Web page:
The Long Life Hotel in Hoi An, Vietnam is also known as the Thanh Xuan Hotel ("thanh xuan" means "long life" in Vietnamese). Whatever name you choose to use, you'll discover a lot to like about this Hoi An hotel: its convenient location in Hoi An's hotel and restaurant row, its 20 tastefully-decorated and spacious suites, its sunny swimming pool (weather permitting), and its very agreeable price.
Location of Long Life Hotel
Long Life Hotel is located on Ba Trieu Street, a narrow lane next to Hai Ba Trung, both about a ten minute walk from Hoi An's Old Town, and both comprising Hoi An's backpacker district.
Ba Trieu Street offers a nice mix of tailor shops, restaurants, luggage stores, massage parlors, and (of course) hotels. The street feels rather sleepy and underpopulated in the daytime, but perks up in the evenings when the restaurants do brisk business with the tourist crowd.
Ba Trieu is a common stop for the open tour buses that ply the Hue-Hoi An route; just before you disembark, someone will make a pitch for one hotel or another, as there are many, many hotels to choose from in this part of town.
On the far end of Ba Trieu, about five minutes' walk from the corner of Ba Trieu and Hai Ba Trung, you'll find the Long Life Hotel waiting for you. I almost missed it when I passed by - the wood lacquer signboard is not very readable when you pass it in a hurry.
Long Life Hotel's Rooms
I booked a Standard Room on the second floor, for $28 a night. The Standard Rooms have no window access to either the front (the "city" view) or the rear (the "garden" view); instead the windows open to the hallway, which can be quite embarrassing if you've just gotten out of the shower and have forgotten to draw the curtains.
Deluxe Rooms are furnished with a view to either Ba Trieu Street, or to the garden at the rear, which covers the back path leading to the swimming pool, a river, and rice fields beyond.
The Standard Room I booked was 300 square feet in size, a twin bed setup with mosquito nets coiled up above the beds, and a bathroom en suite with window access to the bedroom (!) and a lounge/Jacuzzi tub.
The décor, in line with the historical bent of Hoi An, attempted to evoke Vietnam's bygone imperial era - plenty of lacquered wood, white surfaces, and polished stone or marble. Surprisingly, the room didn't feel oppressively historical; the interior designer had a light touch, attempting to harness as much natural light and ventilation as possible.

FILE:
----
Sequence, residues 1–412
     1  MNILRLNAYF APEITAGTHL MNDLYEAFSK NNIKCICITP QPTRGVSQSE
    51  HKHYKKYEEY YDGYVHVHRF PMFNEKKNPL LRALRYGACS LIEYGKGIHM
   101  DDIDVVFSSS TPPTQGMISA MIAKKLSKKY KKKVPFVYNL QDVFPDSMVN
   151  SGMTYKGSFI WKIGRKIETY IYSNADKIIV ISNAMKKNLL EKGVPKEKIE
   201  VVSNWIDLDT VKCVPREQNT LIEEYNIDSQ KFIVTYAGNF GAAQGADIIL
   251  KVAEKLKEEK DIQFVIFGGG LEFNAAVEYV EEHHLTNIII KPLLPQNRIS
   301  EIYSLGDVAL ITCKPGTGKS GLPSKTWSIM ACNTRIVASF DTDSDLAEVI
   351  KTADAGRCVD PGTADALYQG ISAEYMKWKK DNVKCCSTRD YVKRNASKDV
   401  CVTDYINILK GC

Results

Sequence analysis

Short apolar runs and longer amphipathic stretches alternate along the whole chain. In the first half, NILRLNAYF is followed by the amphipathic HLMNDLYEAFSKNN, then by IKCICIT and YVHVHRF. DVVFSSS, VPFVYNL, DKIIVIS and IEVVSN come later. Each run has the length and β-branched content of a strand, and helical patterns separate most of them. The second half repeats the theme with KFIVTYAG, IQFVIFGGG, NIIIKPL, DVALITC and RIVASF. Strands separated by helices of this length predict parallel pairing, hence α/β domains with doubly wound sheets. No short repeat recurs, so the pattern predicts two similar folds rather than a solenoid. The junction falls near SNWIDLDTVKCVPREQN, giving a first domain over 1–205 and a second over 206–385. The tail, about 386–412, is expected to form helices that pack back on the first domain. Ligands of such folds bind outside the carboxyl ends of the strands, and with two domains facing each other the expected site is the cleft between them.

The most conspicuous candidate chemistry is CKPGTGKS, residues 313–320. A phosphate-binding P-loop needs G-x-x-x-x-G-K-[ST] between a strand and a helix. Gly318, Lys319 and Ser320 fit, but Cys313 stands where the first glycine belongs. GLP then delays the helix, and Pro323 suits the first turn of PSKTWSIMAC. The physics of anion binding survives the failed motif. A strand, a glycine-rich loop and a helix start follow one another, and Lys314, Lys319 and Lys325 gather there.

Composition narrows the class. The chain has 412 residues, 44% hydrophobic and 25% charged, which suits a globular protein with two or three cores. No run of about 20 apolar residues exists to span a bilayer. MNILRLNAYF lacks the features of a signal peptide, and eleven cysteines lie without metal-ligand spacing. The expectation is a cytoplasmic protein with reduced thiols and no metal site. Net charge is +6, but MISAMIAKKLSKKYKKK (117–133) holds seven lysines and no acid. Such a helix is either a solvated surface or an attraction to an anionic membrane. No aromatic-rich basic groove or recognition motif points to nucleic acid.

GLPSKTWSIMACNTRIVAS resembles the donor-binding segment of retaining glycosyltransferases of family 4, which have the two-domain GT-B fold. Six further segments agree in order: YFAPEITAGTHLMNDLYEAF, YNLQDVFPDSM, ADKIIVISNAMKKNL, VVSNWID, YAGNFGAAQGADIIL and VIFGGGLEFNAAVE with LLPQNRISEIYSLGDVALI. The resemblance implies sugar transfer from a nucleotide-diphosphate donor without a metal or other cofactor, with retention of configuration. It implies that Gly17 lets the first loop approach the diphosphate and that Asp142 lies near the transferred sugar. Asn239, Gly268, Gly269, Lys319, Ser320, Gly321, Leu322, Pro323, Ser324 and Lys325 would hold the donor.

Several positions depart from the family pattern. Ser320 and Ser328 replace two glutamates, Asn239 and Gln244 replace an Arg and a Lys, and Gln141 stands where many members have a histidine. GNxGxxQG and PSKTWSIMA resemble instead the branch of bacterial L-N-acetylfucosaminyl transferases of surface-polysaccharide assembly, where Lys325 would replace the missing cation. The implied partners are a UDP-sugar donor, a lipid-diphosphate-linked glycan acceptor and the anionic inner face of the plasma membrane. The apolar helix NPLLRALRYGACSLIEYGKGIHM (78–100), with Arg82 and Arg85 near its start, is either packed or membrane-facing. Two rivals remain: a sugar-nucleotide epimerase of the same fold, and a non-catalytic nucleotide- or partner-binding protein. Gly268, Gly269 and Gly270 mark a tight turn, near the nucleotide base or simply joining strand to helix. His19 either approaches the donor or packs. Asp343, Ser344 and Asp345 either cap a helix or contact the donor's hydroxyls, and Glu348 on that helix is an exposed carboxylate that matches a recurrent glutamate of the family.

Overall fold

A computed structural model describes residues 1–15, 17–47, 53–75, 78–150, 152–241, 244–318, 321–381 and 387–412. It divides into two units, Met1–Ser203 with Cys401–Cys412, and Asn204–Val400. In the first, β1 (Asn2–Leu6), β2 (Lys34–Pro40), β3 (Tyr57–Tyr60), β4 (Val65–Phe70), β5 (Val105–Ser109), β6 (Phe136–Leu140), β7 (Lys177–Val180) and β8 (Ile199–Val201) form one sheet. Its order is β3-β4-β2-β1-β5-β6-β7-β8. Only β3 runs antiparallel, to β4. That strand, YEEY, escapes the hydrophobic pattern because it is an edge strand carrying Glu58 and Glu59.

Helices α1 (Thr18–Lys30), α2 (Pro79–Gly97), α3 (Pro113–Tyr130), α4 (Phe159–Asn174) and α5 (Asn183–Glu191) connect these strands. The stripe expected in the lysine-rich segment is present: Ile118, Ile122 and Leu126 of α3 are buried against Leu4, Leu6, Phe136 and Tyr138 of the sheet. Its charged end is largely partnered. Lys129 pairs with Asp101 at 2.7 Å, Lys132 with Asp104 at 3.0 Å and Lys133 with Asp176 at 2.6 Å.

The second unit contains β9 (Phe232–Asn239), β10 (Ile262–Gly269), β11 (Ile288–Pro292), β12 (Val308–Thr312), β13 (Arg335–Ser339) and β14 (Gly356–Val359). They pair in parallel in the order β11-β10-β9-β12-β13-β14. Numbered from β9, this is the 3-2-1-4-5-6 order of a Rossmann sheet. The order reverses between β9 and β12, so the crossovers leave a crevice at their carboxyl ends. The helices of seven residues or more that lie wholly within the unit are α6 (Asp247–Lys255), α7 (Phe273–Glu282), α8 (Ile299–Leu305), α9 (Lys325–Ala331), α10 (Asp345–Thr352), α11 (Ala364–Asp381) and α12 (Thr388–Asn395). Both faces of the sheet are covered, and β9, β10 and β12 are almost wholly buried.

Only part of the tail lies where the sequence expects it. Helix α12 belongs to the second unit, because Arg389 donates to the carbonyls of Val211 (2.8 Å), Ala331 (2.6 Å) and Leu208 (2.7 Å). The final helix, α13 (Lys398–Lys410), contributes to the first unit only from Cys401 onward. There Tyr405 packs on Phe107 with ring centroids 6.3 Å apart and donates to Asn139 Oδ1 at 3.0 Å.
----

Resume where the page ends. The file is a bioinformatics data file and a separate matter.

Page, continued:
The window access between the bedroom and bathroom, though, felt a bit strange. Anybody doing their business in the bathroom would be in full view of their companion in the bedroom - that might work for, say, a husband and wife, but not so much if you're traveling with a parent.
The beds in the room were firm, with enough give for a comfortable night's rest. Power outlets were provided for both beds, in case you wanted to use your laptop there.
The orchid on the newly-made beds every afternoon was a nice touch.
Long Life Hotel's Facilities and Services
Long Life Hotel's strong but intermittent Wi-Fi signal was quick when the signal could be found in the room, which for me was about 70% of the time. Wi-Fi use is free if you have a laptop; otherwise, you can use one of the four computers in the lobby, free for guests, but high-risk for viruses and other cyber-bugs.
Exit the building at the rear, and you'll cross a bamboo bridge to the Long Life Hotel's swimming pool and verandah. When the weather is sunny, the swimming pool area is a really nice place to unwind; the pool itself isn't that big, but you'll love the magical effect of the sun streaming through the branches of the shading trees. Downside: the presence of mosquitoes, due to the nearby rice fields.
The pavilion next to the swimming pool serves breakfasts in the morning, but don't expect a big spread. Long Life Hotel has a unique form-based system - guests are allowed to select a few dishes from a form, check their selections and sign the form off. The price of the total number of dishes ordered should not exceed VND45,000 else you pay for the excess.
The breakfast selection could have been better; you can choose from the usual Vietnamese drip coffee, juices, sandwiches, pancakes, omelets, and a few select rice or noodle dishes. The dishes were filling, but nothing to email home about.
Access to Hoi an Old Town and Other Attractions
The Long Life Hotel's friendly staff provides a number of services to facilitate your access to the Old Town and other nearby points of interest. Bicycles for rent ($1 a day) give guests a lot more mileage to explore the Old Town's streets and quays.
Motorbikes can be rented for about $5 a day.
The hotel can also facilitate tours to nearby My Son Holy Land ($8 for a purely bus-based trip, $16 if you prefer to take the boat coming back), entrance tickets, cooking classes ($28), and walking tours in the Old Town, and day trips to the Thanh Nam Fishing Village or to the beaches near Da Nang.
For $12, the hotel can provide comfortable transportation to Da Nang Airport in a late-model Chinese-made sedan.